How many people are paying upwards of $1,000 per month for their health insurance (including their employer’s contribution), in addition to putting a few hundred a month away in a “Health Savings Account” to pay for things that $1,000 per month policy doesn’t pay for? How is having to pay for health insurance not a tax of sorts, anyway? Just because it doesn’t go to the government doesn’t mean you don’t need it to survive.
How many people are putting 5-10 percent of their salaries away for their retirement, so they don’t have to depend solely on Social Security, and another 3-5 percent for their kids’ college fund every single month? How is that not a “tax,” in a way?
And again; how many college graduates are being forced to carry around crippling debt at the beginning of their career as a productive member of society? I mean, we have the government cutting funds to universities and colleges and forcing them to raise tuition because they claim they can’t collect enough in taxes, and we have greater demand than ever for an educated populace, but we force our kids to take on ridiculous amounts of debt in order to pay for the privilege of qualifying to work. In what way is that not a tax?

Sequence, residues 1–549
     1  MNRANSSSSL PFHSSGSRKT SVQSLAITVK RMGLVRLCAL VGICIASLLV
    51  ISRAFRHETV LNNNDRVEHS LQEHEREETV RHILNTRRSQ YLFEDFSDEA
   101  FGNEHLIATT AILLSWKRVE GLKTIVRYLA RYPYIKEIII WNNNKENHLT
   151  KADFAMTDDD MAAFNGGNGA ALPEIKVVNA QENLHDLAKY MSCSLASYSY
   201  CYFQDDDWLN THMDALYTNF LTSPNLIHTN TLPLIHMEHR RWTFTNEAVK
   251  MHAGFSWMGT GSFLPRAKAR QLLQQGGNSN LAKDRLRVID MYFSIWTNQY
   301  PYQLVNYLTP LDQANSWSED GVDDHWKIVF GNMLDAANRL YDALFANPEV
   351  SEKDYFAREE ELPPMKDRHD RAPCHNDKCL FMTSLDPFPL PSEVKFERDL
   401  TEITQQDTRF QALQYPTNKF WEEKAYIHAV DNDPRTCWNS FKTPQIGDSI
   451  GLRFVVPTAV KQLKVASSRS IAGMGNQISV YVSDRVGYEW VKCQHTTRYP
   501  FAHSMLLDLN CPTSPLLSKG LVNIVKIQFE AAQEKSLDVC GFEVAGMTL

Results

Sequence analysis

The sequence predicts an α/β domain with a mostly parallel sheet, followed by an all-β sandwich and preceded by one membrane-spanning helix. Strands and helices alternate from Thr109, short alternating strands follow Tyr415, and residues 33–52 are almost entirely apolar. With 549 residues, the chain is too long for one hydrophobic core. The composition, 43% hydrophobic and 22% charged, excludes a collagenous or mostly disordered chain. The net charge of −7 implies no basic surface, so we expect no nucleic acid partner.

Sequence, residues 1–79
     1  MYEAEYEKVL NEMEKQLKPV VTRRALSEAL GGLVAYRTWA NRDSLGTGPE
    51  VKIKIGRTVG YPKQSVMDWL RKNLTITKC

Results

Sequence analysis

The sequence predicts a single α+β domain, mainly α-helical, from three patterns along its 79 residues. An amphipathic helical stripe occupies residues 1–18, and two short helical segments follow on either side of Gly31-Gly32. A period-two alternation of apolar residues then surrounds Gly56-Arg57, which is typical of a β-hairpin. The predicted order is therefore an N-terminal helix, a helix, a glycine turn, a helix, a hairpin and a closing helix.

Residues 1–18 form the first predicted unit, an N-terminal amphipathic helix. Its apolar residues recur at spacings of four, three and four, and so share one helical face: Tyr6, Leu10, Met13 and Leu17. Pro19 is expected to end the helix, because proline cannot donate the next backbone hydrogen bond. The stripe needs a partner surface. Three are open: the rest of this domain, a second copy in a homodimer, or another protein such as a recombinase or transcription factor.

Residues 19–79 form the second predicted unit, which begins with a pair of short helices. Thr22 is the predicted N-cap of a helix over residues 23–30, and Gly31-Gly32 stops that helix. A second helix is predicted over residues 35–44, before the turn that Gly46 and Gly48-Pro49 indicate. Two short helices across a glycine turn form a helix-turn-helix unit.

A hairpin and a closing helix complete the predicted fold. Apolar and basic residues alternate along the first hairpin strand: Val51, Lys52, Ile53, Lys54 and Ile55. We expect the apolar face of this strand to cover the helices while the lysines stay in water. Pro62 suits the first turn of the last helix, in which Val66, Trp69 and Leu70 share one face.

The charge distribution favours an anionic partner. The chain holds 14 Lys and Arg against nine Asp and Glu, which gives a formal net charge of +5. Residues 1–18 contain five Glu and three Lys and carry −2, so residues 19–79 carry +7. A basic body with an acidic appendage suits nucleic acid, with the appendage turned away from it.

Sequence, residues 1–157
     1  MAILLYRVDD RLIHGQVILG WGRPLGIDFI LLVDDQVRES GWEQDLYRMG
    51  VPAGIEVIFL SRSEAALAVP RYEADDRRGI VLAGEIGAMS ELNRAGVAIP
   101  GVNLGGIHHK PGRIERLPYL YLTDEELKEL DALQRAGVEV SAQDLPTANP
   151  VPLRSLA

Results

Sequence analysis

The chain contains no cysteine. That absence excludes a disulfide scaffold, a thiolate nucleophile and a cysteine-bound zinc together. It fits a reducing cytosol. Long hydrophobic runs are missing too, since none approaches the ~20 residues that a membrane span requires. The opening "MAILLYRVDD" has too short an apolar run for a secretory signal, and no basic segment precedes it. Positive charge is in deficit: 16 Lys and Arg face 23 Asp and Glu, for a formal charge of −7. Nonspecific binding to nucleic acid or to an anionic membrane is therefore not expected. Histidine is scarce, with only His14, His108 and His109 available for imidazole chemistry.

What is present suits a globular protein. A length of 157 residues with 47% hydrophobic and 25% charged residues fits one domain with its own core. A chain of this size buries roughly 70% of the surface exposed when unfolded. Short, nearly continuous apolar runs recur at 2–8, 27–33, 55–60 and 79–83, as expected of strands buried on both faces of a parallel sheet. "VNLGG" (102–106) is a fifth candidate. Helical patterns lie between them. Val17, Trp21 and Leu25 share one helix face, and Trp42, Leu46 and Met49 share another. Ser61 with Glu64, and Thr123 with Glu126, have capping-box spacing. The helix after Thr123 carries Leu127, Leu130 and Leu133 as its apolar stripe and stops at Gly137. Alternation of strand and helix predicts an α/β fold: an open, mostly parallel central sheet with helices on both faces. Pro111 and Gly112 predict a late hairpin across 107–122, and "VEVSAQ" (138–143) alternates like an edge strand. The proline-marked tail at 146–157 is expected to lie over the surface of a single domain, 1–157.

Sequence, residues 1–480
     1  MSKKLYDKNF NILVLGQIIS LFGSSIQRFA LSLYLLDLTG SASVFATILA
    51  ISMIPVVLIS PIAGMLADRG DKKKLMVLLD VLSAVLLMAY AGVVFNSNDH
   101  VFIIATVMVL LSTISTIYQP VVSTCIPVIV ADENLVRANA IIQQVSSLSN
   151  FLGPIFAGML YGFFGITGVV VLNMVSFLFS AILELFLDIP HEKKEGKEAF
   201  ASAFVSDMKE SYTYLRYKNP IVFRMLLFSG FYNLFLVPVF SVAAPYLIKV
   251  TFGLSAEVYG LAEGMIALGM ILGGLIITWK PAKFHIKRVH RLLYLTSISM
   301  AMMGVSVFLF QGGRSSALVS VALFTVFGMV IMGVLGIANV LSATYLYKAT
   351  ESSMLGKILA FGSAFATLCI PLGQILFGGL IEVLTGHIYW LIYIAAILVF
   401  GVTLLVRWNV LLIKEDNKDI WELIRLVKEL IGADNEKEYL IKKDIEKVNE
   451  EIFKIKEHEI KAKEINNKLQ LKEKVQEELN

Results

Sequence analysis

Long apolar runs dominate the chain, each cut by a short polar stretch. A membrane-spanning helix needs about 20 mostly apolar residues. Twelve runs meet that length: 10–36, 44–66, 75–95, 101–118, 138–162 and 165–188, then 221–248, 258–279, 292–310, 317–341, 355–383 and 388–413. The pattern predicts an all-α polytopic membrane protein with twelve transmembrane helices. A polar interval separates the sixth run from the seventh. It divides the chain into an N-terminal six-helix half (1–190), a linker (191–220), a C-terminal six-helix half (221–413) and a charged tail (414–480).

Think about it; if your tax bill from every paycheck was increased by another 10-15 percent, but it eliminated the need for a health savings account or a college fund, and it reduced your health insurance bill by half, and it either reduced or eliminated the cost of child care, and it reduced or eliminated your need to plan for retirement, you would probably see a significant savings overall.
The thing is, we already pay for everything that Denmark pays for; we just don’t spread the cost among the entire society, which actually makes a lot more sense, anyway. It’s not just the individual who benefits from these things; we all benefit from all medical bills being paid and from a highly educated and skilled workforce. That includes millionaires and billionaires who get huge tax breaks for doing nothing.
If you add up everything you have to save in order to pay for things other countries pay for with taxes, you’ll find that you’re probably paying a lot more in “taxes” than the average Dane. You’re just not paying it all to the government.
“How do we pay for it?” is a stupid question. We already do. The smart question is, “How do we pay for it smarter and more efficiently?”